July 17, 2017

Embrace cycles and use them to your advantage. Pretending they don’t exist and attempts to eliminate the part of the cycle you don’t like, the losing streak, doesn’t work.

The investing world doesn’t like cycles. It prefers investment strategies that produce consistent profits with little variation. I believe the collapse in interest rates intensifies this desire for consistent profits. One problem with investing in such strategies is that they’re likely curve-fit to the current market environment.

In the short-term, they can do no wrong; nailing the timing on every trade – buying bottoms and selling tops. The risk, though, hides somewhere in the future when market conditions inevitably change. As a result, the strategy no longer syncs up with the markets and performance comes off the tracks, often resulting in blowups.


Why I Choose Lean

July 12, 2017

Prioritize returns and educating investors. Have the ability to think and execute without distractions. Build rapport with current and prospective investors. Say what you have to say, not what you think others want to hear. Tell the truth no matter what.

I speak out about running a small and more importantly a lean operation in an industry where you’re not seen as “cool” unless you manage +$100M in assets and have a staff of PhD’s and MBA’s. I’m not opposed to managing a high level of assets, but only if it means I get to focus on trading, research and educating investors. If managing a lot of money means taking on the extra baggage of doing business with uninformed and unwilling-to-learn performance-chasing investors, having to tell people what they want to hear just to get and keep their accounts and spending more time with these people than my wife, family and friends then no thank you. Not interested.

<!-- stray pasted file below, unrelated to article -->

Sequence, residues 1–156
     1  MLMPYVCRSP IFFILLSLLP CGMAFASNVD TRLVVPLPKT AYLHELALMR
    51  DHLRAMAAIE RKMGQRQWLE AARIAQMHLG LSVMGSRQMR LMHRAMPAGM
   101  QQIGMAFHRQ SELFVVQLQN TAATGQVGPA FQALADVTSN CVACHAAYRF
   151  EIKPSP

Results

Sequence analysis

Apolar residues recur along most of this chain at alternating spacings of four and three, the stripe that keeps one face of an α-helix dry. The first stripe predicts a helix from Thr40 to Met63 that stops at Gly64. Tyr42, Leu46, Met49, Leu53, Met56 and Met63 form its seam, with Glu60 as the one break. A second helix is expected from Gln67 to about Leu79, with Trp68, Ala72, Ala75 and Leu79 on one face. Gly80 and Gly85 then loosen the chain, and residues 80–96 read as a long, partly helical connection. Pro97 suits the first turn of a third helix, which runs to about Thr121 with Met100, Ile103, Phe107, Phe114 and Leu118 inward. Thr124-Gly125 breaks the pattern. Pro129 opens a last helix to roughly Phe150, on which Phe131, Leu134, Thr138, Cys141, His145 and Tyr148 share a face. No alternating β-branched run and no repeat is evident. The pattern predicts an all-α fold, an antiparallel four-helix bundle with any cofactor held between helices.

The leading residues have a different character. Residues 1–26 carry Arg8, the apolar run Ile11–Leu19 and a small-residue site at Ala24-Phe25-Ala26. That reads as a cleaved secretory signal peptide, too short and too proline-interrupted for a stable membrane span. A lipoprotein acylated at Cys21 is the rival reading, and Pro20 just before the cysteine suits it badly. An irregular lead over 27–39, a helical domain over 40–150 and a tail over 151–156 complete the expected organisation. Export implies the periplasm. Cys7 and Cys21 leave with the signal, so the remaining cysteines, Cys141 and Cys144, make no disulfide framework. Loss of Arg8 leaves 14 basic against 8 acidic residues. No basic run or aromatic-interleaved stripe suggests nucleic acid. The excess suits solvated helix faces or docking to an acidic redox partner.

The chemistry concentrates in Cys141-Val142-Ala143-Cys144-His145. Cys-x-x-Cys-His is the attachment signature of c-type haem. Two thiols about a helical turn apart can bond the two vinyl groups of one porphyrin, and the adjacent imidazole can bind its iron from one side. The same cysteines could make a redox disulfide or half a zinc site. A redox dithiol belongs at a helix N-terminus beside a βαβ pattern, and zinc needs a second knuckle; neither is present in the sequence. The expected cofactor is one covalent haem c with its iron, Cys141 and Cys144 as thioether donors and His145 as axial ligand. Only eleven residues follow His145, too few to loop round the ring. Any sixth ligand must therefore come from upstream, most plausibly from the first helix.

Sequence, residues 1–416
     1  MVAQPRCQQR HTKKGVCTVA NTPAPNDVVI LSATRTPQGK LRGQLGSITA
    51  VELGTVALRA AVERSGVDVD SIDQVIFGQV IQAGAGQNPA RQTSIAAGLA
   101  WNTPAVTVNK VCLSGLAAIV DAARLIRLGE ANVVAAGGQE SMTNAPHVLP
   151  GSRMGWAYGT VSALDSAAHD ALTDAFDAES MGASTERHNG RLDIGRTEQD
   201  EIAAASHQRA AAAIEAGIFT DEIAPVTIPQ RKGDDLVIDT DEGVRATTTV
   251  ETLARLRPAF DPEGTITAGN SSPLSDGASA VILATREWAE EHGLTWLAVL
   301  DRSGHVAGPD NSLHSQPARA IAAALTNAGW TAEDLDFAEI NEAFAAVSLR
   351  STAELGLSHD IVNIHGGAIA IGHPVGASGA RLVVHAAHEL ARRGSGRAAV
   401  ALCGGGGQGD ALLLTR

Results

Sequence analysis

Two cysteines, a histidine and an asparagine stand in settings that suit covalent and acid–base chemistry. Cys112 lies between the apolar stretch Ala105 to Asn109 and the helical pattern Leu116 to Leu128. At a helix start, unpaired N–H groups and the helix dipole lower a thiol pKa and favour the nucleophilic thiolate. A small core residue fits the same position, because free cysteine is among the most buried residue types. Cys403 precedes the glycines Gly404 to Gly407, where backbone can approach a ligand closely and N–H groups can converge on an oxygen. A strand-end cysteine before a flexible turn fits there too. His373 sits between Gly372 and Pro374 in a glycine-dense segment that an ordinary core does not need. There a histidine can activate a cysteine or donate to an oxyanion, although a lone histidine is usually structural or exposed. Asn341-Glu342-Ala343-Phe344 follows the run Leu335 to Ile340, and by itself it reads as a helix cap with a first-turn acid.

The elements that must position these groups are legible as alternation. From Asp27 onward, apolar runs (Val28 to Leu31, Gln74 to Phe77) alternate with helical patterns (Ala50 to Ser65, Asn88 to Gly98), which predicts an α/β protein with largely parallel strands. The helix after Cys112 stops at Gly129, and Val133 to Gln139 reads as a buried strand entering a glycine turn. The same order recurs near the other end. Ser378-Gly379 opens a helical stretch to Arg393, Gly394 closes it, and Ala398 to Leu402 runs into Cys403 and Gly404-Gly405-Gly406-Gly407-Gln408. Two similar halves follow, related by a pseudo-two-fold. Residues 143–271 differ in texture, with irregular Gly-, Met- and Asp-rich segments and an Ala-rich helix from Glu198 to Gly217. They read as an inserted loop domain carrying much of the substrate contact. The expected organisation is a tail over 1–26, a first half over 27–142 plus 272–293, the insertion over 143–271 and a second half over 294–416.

I thought I’d address some of the reasons why I launched Melissinos Trading with the priority of generating solid returns and education instead of running a large and complex shop.

Blog post:


AQR Paper on Trend Following

July 10, 2017

AQR updates their paper from a few years ago on Trend Following performance over the past 100+ years.

They highlight that performance since 2010 has been the worst stretch in the backtest. The main reason for this has been an increase in correlation between many different markets. When correlation increases, trend followers cannot follow and profit from many different trends.

Over the past eight years or so, correlation has increased severly. They notice that high correlation environments tend to hurt Trend Following performance and it thrives in low correlation environments.


A Trend Reversal in Interest Rates?

July 6, 2017

Across the globe, bond prices are declining. From Australia to Europe to the USA, prices are sitting and/or rolling over towards 52-week lows. 

Could this be the beginning of a major reversal in interest rates? Who knows, but investors have to prepare just in case. 

Investors who have profited and gotten used to the 30-year bull market, especially in the U.S., might be less inclined to adapt. They think a bull market in Treasuries and other government bonds is the norm, so they don't bother closing their long positions. 

Trend Followers know better. They respect the market. They know that old regimes and long-standing trends can break down at any time without mercy. They don't bother feeling nostalgic. Instead, they adapt as soon as possible within the rules of their own strategies.

On this episode, I walk through the charts of some of the major government bond markets and comment on their current trends and some possibilities for the future.